Edward H. Nabb Research Center for Delmarva History & Culture Enduring Connections: Exploring Delmarva's Black History

Record Detail

Record #23 from Free Black Families of Colonial Delmarva (abstracted by Paul Heinegg)

State Maryland
County (Primary) Dorchester
Other Counties Talbot
Family Name Cox
Family History Notes 1. Elizabeth Cox, born say 1688, was the white servant of Thomas Coleman on 12 November 1706 when the Charles County court ordered her to serve him an additional 250 days for running away. Later that day in the same court she confessed to having an illegitimate "Mollatto" child for which she was sold (as a servant) to Jacob Miller for 2,000 pounds of tobacco [Court Record 1704-10, 271, 274]. She may have been the ancestor of i. Abner, head of a Baltimore City household of 3 "other free" in 1800 [MD:174]. Members of the Cox family on the Eastern Shore of Maryland were 1 i. Jemima, born about 1741. 2 ii. Ann, born say 1748. 1. Jemima Cox, born about 1741, was a "Mulatto Wench" with twelve years and nine months to serve when she was listed in the Dorchester County estate of Margery Gibb on 30 December 1760 [Prerogative Inventories 76:333]. She may have been the mother of i. Stephen, head of a Dorchester County household of 5 "other free" in 1800 [MD:684]. 2. Ann Cox, born say 1748, was bound as a "Mulatto" servant bound to Mary Hatcheson for thirty-one years in March 1769 when she confessed to the Kent County court that she had two illegitimate children during her service. The court ordered that she be brought to court to be sold when she arrived to the age of thirty one [Criminal Dockets 1766-71, nos. 8,9]. She was probably related to i. Levin, head of a Talbot County household of 7 "other free" in 1790. ii. Jacob, head of a Talbot County household of 6 "other free" in 1790. iii. Tom, head of a Talbot County household of 3 "other free" and 2 slaves in 1800 [MD:531].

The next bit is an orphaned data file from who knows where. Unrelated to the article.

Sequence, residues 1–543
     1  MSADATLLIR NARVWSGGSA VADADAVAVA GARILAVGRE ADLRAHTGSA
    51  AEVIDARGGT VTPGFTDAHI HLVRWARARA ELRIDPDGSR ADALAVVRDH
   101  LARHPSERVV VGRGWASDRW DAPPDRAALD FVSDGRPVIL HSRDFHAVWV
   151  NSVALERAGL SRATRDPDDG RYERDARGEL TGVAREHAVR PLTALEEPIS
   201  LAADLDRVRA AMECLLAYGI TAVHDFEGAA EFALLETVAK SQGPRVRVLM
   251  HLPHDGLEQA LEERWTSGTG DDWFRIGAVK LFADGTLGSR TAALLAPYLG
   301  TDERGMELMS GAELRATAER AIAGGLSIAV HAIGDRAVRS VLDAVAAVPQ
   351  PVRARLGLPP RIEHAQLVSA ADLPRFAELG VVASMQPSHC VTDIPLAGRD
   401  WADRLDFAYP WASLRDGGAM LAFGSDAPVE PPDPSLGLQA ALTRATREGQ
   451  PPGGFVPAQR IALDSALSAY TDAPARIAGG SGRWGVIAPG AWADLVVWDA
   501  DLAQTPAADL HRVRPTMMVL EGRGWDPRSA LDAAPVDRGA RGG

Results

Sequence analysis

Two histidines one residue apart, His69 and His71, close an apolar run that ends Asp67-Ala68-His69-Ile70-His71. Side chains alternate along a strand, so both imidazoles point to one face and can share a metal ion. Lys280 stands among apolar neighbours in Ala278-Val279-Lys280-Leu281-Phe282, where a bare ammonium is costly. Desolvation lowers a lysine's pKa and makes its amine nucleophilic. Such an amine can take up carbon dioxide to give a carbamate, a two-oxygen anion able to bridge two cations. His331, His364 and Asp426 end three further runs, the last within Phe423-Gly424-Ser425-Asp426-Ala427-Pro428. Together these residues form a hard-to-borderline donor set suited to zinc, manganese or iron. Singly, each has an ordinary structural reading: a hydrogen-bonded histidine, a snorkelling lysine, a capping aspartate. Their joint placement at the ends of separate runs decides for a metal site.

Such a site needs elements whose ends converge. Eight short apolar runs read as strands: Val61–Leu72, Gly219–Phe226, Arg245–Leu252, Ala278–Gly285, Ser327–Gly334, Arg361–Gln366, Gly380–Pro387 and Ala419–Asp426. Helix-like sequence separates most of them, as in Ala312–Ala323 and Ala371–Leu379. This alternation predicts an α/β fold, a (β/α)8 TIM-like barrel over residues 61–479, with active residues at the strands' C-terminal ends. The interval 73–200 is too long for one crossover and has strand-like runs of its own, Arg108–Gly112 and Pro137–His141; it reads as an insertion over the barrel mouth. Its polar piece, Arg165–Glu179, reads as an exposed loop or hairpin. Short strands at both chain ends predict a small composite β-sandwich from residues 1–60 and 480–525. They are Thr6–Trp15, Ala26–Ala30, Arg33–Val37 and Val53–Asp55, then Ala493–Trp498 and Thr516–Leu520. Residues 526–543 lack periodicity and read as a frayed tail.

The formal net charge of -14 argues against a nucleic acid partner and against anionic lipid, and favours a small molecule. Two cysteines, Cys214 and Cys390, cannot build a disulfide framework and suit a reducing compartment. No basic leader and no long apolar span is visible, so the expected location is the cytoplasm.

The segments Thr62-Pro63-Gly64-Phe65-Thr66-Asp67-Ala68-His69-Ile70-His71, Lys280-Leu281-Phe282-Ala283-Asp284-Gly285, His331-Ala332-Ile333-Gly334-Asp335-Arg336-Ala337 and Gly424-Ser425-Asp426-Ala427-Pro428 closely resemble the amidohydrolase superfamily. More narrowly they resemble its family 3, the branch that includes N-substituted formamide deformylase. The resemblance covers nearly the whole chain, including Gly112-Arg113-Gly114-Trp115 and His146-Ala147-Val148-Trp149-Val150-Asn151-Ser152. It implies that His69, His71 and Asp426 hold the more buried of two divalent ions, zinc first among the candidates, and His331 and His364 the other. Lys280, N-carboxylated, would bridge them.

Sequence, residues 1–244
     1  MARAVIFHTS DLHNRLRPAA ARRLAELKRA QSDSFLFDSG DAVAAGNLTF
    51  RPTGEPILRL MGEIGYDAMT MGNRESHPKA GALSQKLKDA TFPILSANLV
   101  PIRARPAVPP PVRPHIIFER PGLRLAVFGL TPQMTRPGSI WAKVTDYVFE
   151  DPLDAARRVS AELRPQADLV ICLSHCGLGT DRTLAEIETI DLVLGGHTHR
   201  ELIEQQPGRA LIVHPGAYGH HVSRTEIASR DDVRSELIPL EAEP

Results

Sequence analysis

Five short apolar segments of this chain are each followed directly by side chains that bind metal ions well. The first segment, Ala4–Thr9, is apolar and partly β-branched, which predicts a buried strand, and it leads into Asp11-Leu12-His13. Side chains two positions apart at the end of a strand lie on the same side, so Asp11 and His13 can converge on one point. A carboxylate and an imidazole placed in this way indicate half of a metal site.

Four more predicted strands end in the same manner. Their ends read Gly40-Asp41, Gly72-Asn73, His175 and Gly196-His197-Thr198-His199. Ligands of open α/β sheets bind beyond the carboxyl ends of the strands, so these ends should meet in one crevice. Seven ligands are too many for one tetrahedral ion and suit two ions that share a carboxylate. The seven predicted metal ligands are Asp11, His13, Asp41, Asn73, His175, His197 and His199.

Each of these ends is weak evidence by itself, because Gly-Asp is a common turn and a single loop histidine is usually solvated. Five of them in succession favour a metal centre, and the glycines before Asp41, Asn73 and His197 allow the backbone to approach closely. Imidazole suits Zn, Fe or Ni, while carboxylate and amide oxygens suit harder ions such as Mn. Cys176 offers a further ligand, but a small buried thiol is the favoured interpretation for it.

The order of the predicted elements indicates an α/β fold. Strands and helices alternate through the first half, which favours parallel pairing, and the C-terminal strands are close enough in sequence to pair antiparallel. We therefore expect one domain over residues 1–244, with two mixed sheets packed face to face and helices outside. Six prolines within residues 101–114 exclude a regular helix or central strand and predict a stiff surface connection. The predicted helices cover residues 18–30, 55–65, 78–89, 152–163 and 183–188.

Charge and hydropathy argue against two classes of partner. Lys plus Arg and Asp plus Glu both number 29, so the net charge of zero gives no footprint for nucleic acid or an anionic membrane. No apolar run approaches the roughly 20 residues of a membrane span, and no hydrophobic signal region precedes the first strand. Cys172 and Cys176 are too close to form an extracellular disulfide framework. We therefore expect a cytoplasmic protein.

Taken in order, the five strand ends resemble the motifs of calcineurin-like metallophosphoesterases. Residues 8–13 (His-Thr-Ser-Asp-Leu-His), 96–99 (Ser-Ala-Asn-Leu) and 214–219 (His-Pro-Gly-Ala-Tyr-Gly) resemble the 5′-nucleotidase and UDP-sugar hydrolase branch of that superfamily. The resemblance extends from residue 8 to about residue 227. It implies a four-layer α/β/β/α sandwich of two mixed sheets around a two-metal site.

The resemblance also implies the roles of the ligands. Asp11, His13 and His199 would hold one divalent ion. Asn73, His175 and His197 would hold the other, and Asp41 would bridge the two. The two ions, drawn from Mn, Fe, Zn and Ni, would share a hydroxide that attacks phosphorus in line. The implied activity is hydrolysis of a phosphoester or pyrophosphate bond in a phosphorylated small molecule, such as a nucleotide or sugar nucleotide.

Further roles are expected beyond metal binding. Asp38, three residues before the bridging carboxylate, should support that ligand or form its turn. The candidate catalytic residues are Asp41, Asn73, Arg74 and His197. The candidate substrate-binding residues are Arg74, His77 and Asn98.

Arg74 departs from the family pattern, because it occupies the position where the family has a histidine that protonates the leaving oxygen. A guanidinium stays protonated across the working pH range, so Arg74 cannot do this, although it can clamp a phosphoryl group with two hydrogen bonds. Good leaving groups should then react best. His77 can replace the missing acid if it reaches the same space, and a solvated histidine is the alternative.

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[Author (if known)], Free Black Families of Colonial Delmarva (abstracted by Paul Heinegg), [Date (if known)], Enduring Connections: Exploring Delmarva’s Black History, Nabb Research Center, Salisbury University.